IMG_20130907_175549

Using a detergent bottle to hold waste oil means that you don’t need to make a giant disaster in your driveway pouring the waste oil back into those silly little 1 quart containers. Seriously, how many of those have you tipped over when filling them? It flat out sucks when that happens. The only thing worse is when you overfill them with a funnel. You know what I’m talking about… Using a laundry container also allows you to stuff the whole drain pan into the top of the detergent bottle, rest it against a wall, and walk away. When you return a few hours, days, or weeks later, your drain bucket is nearly oil free. Sweet right?

IMG_20130907_175721

4G63 Wiring Diagrams / Schematics For Engine Swaps

 

1990 DSM 4G63 wiring diagram

1990 DSM 4G63 Wiring Diagram

1991-94 DSM 4G63 wiring diagram

1991-94 DSM 4G63 wiring diagram

One of the great downfalls of the common 4G63 engine swap, is that so many people begin them and never finish. It seems that enthusiasts spend endless money gathering parts and information, they get the engine installed in the vehicle, begin the wiring, and promptly throw in the towel. The vehicle then gets parted out and the engine swapper moves on to something else. I have seen this around 6000 times, probably more, and it hurts my soul.

Rather than get sad about it though, I got inspired to help. See, the common denominator in most of these 4G63 swap part-out’s was the wiring harness. If you have never dug into one before, it can be incredibly overwhelming, especially when you pull the electrical tape off. The once organized DSM harness becomes a spiderweb that has no beginning or end. WTFUXORS ensues.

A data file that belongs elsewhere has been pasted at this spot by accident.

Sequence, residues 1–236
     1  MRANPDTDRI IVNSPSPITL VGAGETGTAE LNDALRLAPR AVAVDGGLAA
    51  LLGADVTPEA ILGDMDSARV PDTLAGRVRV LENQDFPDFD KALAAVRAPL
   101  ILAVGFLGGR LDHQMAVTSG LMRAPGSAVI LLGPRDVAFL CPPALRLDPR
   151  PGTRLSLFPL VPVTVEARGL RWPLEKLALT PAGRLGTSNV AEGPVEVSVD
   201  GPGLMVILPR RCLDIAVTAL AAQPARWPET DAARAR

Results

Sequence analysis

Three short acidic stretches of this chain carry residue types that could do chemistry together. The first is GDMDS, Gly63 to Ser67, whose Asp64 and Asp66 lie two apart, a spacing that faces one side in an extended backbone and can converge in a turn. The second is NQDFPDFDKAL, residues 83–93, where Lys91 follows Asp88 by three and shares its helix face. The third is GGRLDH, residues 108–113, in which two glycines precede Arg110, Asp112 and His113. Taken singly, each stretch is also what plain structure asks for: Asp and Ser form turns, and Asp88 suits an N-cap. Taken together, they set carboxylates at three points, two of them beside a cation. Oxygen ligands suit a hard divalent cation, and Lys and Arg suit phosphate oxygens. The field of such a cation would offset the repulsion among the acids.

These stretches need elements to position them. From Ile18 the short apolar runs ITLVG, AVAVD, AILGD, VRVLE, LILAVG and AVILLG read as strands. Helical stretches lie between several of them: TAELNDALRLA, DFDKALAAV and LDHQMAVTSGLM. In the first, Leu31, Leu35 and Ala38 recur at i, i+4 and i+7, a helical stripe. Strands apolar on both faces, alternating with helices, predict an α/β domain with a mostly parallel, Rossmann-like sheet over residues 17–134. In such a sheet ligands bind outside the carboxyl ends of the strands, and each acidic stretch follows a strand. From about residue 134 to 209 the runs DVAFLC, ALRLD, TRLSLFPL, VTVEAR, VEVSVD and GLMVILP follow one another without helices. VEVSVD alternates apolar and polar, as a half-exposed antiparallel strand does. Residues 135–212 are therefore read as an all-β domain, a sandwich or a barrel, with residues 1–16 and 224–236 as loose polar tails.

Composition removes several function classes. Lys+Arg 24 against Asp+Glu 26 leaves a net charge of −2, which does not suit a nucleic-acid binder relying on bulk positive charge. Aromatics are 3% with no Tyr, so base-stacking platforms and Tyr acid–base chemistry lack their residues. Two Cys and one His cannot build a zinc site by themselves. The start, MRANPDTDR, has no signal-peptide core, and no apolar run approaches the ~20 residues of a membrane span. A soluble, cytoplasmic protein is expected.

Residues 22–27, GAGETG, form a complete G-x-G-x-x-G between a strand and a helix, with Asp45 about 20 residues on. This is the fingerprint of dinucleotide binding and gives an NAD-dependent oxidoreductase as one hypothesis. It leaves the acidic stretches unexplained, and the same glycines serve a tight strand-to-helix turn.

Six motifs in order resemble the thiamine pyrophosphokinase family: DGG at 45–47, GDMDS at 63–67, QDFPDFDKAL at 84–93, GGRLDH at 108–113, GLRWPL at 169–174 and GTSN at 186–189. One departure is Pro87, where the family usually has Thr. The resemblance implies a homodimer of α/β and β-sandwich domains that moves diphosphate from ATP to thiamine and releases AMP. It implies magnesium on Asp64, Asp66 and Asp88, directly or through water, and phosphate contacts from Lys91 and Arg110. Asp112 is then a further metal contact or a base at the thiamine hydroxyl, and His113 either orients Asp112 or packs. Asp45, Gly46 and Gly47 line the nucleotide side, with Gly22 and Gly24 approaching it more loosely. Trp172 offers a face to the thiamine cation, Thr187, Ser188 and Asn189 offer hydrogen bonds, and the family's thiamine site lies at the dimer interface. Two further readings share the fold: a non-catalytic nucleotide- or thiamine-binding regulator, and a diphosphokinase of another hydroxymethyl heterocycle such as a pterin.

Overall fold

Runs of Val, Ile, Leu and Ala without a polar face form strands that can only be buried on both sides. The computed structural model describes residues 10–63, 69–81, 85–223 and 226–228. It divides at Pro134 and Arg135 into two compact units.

So, in the interest of helping fellow 4G63 engine swap enthusiasts, I created a couple of wiring schematics.  One is a wiring diagram for a 1990 4G63 DSM.  The other is the wiring diagram for a 1991-94 4G63 DSM. Each one shows how the wiring harness needs to be setup for an engine swap.  Most importantly, it shows the MPI relay, which is the most challenging part to understand.

With that said, hopefully some people will find these diagrams beneficial, and if so, let me know.  If not, let me know what I can do to improve them.